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10.38 am

Mr. Douglas Hogg (Sleaford and North Hykeham): I associate myself with the remarks of the hon. Member for Ilford, North (Linda Perham) in welcoming the maiden speeches of the hon. Member for Birmingham, Erdington (Mr. Simon) and of my hon. Friend the Member for Billericay (Mr. Baron). In respect of my hon. Friend's contribution, I suspect that my hon. Friends on the Front Bench—especially the Whips—will be hoping that he is not as idiosyncratic as his predecessor. However, both he and the hon. Member for Birmingham, Erdington made robust speeches; the House enjoyed them and we look forward to hearing many more speeches from both hon. Members.

I want to say something about the health service in my constituency. I want to identify at least three points at which the health service is breaking down in a grave manner. Those examples are intended to illustrate that, on the ground, there is a serious problem in the delivery of the national health service to our respective constituents. I do not for a moment pretend that the Government and Ministers are exclusively to blame for what has happened,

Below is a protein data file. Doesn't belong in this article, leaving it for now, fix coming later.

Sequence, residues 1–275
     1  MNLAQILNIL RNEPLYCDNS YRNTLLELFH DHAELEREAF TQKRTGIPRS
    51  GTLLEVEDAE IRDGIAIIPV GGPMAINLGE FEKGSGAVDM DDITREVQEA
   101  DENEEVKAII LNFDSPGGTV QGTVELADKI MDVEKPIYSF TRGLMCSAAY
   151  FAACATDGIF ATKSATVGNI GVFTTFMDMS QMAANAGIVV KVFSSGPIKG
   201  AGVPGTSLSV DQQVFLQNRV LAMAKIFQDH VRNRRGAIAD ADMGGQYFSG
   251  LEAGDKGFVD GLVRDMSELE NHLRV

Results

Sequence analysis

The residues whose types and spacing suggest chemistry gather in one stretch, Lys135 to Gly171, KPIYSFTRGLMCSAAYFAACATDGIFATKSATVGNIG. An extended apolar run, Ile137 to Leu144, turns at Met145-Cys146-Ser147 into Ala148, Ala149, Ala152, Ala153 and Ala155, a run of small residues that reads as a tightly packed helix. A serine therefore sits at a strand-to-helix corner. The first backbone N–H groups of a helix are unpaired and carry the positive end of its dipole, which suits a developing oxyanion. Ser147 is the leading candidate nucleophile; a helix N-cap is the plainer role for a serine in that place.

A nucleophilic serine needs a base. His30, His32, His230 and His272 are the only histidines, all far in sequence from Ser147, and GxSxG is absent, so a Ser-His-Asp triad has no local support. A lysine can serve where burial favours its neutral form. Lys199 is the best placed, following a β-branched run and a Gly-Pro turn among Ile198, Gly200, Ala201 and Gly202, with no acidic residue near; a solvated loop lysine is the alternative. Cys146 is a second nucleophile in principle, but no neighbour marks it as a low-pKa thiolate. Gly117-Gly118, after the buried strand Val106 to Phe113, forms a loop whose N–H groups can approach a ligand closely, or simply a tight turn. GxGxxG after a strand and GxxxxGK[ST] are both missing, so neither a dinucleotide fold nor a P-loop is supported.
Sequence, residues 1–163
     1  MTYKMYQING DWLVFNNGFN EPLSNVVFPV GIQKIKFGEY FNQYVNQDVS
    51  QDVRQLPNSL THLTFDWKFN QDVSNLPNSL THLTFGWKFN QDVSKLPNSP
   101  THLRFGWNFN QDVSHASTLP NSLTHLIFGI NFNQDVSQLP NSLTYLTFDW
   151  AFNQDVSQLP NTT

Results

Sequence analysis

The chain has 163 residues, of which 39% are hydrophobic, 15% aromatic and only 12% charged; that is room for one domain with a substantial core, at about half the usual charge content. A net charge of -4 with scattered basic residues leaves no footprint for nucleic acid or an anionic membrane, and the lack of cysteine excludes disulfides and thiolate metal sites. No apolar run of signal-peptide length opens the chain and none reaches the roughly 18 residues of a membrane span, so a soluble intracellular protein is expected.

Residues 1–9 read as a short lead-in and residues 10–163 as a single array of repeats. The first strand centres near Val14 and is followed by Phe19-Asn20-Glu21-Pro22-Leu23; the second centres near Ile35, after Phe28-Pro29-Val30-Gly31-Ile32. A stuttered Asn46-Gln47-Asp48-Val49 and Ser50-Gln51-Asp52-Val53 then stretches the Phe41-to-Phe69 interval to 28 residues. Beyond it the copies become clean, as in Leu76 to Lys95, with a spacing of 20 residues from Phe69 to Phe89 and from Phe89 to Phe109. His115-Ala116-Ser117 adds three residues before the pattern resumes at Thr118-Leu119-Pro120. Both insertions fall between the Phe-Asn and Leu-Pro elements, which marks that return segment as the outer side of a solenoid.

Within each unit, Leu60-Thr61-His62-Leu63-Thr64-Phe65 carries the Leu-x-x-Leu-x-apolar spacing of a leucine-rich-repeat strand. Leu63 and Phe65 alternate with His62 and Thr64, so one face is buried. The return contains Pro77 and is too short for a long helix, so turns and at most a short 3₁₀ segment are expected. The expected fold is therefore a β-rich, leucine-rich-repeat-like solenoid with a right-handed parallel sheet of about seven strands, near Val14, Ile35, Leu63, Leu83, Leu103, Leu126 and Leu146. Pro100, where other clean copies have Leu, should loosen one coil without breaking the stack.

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but they are now in a position to address the problems and therefore the responsibility is theirs. It is right that we should look to them to bring about solutions.

I shall focus on three issues within the NHS. The first is beta interferon. The second is the fact that in my constituency, particularly around Sleaford, it is impossible for my constituents to get on to the national health service dental list. Lastly, my constituents are waiting 68 weeks to get an appointment to see a consultant neurologist after referral to Pilgrim hospital. None of those things is right, and they point to a serious deficiency in the service.